Attractive interactions play a major role in determining conformation and are easily identified in the structures as they result in a close proximity between the groups involved. Repulsive interactions are no less important. However, since repulsive interactions often result in some distance between the groups that repel each other, they are sometimes overlooked, and definitely less commonly used in design. Steric effects represent one very large class of repulsive interactions. As shown in the following examples, numerous families of oligomeric and polymeric backbones adopt well defined, generally helical, conformations as a result of steric repulsion between bulky peripheral groups. Among the polymer classes that fall into this category are polyisocyanides, isotactic polymethacrylates, poly-isocyanates, polyguanidines, and polyacetylenes. Since the behavior of these polymers is presented in great detail in Chapters 11 and 12, they will be only briefly discussed here.
Steric repulsions between the side chains in substituted polyisocyanides (Fig. 1.15a) are large and prevent them from adopting the planar all-trans structure. Restricted rotation about the single bonds of the polymer backbone results in right- or left-handed helical polymers with four monomer units per helix turn. The polymers can be resolved using chiral chromatography and the use of chiral isocyanides or chiral catalysts can influence the handedness of the helix [137, 138]. Polymethacrylates (Fig. 1.15b) and polymethacrylamides (Fig. 1.15c) are among vinyl polymers that adopt helical conformations. In order for these helices to be stable, bulky side groups are once again required, and the polymerization process (either anionic or radical) must yield isotactic polymers [139, 140]. The helical conformation of polyisocyanates results from a combination of electronic and steric effects. In essence, the -C(O)-N(R)- linkages are forced to be non-planar because the substituents are bulky . Polyisocyanates have a rich stereochemistry due to the stability of long helical segments and the ease of controlling handedness by incorporating chiral monomers . Polyguanidines (Fig. 1.15d), formed from carbodiimide monomers, have similar helical structures to those of polyisocyanates. The use of bulky (R) and chiral (R') substituents leads to stable one-handed helical polymers with high barriers for conformational racemization . In alternating poly-(dialkoxy-1,4-phenylene-a!t-2,5-furan)s (Figs. 1.15e and f), favorable interactions between the oxygen atoms of alkoxy side chains or furan units and the ortho hydrogen atoms connected to the aromatic rings lead to restricted rotation about the inter-aromatic bonds and well-defined conformations. By varying the substitution pattern of these conjugated polymers, rigid-rod-like (poly(dialkoxy-2,5-phenylene)-a!t-2,5-furan)s) or helical (poly-(dialkoxy-1,4-phenylene-a!t-2,5-furan)s) conformations can be obtained .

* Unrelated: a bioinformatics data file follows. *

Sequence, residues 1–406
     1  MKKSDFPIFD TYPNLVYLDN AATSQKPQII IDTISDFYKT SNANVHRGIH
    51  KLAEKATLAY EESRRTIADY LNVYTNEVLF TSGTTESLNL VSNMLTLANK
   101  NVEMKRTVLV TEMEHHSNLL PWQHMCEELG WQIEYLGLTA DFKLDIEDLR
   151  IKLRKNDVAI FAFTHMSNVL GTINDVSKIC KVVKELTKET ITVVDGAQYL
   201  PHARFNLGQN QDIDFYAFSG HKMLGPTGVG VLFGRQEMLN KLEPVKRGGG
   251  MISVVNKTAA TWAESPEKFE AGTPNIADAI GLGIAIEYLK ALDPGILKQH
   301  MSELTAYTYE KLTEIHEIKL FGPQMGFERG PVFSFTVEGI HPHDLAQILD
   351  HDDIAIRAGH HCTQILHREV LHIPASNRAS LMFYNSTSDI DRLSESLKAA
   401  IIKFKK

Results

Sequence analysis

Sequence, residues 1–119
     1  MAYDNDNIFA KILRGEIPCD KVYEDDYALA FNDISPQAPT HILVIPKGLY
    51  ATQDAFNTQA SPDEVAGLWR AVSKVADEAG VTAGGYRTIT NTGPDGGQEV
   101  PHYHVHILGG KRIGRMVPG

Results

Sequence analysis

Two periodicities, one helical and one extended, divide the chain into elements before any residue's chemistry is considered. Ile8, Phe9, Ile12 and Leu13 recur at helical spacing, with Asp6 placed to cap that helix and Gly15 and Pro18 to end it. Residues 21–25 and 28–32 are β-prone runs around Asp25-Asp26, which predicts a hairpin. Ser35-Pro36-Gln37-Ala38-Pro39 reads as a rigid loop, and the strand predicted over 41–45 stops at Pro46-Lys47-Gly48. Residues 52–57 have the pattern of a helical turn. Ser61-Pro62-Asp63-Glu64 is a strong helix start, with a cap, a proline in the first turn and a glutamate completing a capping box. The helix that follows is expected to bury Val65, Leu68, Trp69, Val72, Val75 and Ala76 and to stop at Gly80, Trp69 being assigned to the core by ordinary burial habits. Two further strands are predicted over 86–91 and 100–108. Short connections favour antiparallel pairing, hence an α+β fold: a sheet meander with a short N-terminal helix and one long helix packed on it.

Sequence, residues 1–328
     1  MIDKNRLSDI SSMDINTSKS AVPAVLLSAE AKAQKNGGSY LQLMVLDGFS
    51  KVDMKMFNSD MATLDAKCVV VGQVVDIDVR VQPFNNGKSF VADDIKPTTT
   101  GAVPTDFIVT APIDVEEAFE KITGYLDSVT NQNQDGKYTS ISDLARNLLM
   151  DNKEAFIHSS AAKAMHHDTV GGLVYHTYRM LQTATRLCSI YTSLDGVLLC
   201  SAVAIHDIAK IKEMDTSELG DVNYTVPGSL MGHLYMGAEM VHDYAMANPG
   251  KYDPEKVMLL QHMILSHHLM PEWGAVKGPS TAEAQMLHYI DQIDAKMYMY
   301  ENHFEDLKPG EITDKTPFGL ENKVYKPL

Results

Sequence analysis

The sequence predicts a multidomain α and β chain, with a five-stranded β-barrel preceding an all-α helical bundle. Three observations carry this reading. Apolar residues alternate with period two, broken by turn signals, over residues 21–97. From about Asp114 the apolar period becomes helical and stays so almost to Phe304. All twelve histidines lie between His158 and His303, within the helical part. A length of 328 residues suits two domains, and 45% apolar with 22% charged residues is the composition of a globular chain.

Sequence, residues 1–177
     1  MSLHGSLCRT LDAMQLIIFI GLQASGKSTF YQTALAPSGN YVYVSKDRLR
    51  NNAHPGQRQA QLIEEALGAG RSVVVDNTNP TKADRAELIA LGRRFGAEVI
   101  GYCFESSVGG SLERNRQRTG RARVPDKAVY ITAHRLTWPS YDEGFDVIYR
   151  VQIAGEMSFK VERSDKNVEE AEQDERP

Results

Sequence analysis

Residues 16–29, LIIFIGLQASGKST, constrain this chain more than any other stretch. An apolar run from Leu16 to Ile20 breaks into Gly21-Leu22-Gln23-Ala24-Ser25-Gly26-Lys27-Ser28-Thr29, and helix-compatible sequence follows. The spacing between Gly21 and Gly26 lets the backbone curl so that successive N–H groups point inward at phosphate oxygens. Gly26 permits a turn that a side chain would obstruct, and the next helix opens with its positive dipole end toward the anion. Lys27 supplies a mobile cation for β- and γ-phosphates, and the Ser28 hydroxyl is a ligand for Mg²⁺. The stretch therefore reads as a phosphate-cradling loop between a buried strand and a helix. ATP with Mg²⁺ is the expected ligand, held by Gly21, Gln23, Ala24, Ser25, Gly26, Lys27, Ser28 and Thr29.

Several classes of oligomers have also been shown to adopt sterically-induced helical conformations. Their oligomeric nature (as opposed to the polymers shown above) simply reflects that these molecules were synthesized in a stepwise fashion. Similar conformations would be expected had polymerization techniques been used for their preparation. Thus, ortho-oligophenylenes (Fig. 1.16a) adopt a tight helical conformation with three aromatic rings per helix turn that was characterized in the solid state. The geometry and sterics of this hindered structure does not allow free rotation about the interaromatic single bonds . Similarly,
torsional effects play the major role in biasing a helical conformation of sexi-thiophenes in the solid state (Fig. 1.16b) . Finally, oligoimides of trans-1,2-diaminocyclohexane have been shown to fold into helical conformations (Fig. 1.16c). Although these oligomers have fixed (R,R) chirality, they can fold into either M or P helical conformers. The folding into helical conformations is once again driven by the strict steric constraints of the system which restricts rotation about the single bonds while the preference for M or P helicity has been attributed to intermolecular interactions .
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